The University of Gothenburg part of new major life science initiative
The Wallenberg Centre for Molecular and Translational Medicine (WCMTM) at the University of Gothenburg has been awarded an extension grant of SEK 161 million and an additional SEK 68 million for recruitment positions in data-driven life science by the Knut and Alice Wallenberg Foundation.
During 2014–2015, the Foundation invested SEK 850 million to establish four Wallenberg Centres for Molecular Medicine (WCMM) in Lund, Gothenburg, Linköping and Umeå. The goal was to support the life science field in Sweden by educating future researchers and heads of research and in this way guarantee a high standard of research. The funding will be exhausted in 2024, but the new extension grant totalling SEK 600 million will allow the centres to continue until 2028.
The funding is part of a national initiative in life science where the Knut and Alice Wallenberg Foundation is investing SEK 3.7 billion over 12 years, of which SEK 3.1 billion is dedicated to data-driven life science.
“We are very proud of what the Wallenberg Centre for Molecular and Translational Medicine at the University of Gothenburg has achieved to this point. I see the fact that the Knut and Alice Wallenberg Foundation so clearly makes us a part of this mobilisation within life science as high marks for the centre as such, but also for our strong research environments within life sciences in a broader perspective,” says Vice-Chancellor Eva Wiberg.
“It is a clear signal that we are working in the right direction. WCMTM at the University of Gothenburg has also been awarded four recruitment positions within precision medicine and diagnostics and within epidemiology and infection biology. This funding strongly improves our ability to create new knowledge within these highly topical and clinically relevant fields,” says Christina Jern, director of the WCMTM.
“Of course, we are very happy and grateful that this important initiative continues in Gothenburg. We look forward to the opportunity of long-term planning, now that we have built up a well-functioning infrastructure with outstanding recruitments to the faculty, says Sahlgrenska Academy’s (the medical faculty) dean, Agneta Holmäng.
A National Initiative
WCMTM was established in 2015 as a 10-year initiative at the University of Gothenburg. It is funded by the Knut and Alice Wallenberg Foundation, the University of Gothenburg, Region Västra Götaland, and AstraZeneca, and is a part of a national mobilisation that also includes Lund University, Umeå University, Linköping University, each of their health and medical care regions, and SciLifeLab in Stockholm/Uppsala.
“One of our strengths with the centre in Gothenburg is that, in addition to Sahlgrenska Academy and the Faculty of Science, we also have Region Västra Götaland and AstraZeneca involved,” says Co-Director Margit Mahlapuu.
“I am particularly pleased that this very large investment also includes basic research in virtually all areas of science and medicine. The investment further strengthens the areas within the faculty where we already have world-leading research and unique master's programs,” says Faculty of Science Dean Göran Hilmersson.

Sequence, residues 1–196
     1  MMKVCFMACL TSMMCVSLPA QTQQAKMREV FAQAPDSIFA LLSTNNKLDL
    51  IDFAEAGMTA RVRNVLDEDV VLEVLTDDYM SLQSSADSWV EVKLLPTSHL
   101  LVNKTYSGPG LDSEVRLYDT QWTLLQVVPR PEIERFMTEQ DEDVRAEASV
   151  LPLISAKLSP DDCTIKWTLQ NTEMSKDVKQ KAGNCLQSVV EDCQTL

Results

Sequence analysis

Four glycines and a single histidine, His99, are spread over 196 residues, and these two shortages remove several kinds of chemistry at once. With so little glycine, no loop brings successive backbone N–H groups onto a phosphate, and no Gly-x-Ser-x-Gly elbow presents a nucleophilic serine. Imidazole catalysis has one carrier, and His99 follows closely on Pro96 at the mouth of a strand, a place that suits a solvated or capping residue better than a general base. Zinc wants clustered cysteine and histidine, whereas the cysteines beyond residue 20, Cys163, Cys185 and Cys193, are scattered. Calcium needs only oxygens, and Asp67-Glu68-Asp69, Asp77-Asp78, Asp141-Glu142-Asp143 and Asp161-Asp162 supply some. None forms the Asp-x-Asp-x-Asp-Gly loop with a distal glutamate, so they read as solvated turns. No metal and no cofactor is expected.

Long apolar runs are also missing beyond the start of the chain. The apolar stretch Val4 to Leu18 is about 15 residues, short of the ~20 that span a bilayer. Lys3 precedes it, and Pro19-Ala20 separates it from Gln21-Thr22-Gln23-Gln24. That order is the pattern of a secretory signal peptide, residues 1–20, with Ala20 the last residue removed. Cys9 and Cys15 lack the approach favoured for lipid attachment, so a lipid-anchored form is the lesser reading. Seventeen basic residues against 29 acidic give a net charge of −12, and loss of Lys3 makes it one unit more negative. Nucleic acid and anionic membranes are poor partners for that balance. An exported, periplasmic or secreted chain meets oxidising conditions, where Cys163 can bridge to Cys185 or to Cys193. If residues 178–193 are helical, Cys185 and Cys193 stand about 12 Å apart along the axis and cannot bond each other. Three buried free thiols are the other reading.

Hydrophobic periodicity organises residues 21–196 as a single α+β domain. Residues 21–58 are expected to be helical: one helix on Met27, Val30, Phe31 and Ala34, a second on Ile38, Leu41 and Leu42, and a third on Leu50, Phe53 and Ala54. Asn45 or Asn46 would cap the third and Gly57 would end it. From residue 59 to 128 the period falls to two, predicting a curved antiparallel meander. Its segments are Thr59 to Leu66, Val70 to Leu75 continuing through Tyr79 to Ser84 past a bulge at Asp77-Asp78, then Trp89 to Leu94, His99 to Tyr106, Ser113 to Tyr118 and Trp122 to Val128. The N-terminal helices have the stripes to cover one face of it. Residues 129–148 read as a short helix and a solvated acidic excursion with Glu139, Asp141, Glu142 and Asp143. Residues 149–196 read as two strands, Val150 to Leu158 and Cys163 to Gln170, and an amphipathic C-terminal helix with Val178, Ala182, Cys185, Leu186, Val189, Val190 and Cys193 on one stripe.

Currently, 20 research groups within WCMTM are trying to answer some of the most important questions within metabolism, neuroscience, cancer, inflammation, degenerative diseases, genomics, and life science chemistry. Each group is led by a young head of research recruited to a career position who has been given a generous start package for use in building up a successful research group. In parallel, researching clinicians are recruited and given the opportunity to conduct research half-time, which allows them to integrate both basic research and clinical research within the centre.
More about the Knut and Alice Wallenberg Foundation’s initiative in data-drive life science
The Knut and Alice Wallenberg Foundation’s initiative heavily emphasises precision medicine and diagnostics, epidemiology and infection biology, evolution and biodiversity, and cell and molecular biology.
Data processing and AI have an increasingly large importance for research and development within the natural sciences and medicine. A highly relevant example is society’s defences against pandemics, where the collection and analysis of large amounts of biological and medical data are essential in tracking the spread of disease and in providing politicians and authorities with scientifically grounded advice.
The Foundation’s initiative is intended to ensure future access to researchers within data-driven life science, both in academia and industry. The plan calls for recruiting 39 international leading researchers, a research school for 260 doctoral students/industrial doctoral students, and 210 postdoctoral positions nationally.
The host of the programme, which will run until 2032, is SciLifeLab in collaboration with the Wallenberg Centres for Molecular Medicine at the universities in Gothenburg, Lund, Linköping and Umeå and the Swedish research universities.
The four Wallenberg Centres and SciLifeLab have had a well-functioning partnership for some time. This is formalised within the National Molecular Medicine Fellows Program (NMMP) and in other areas.
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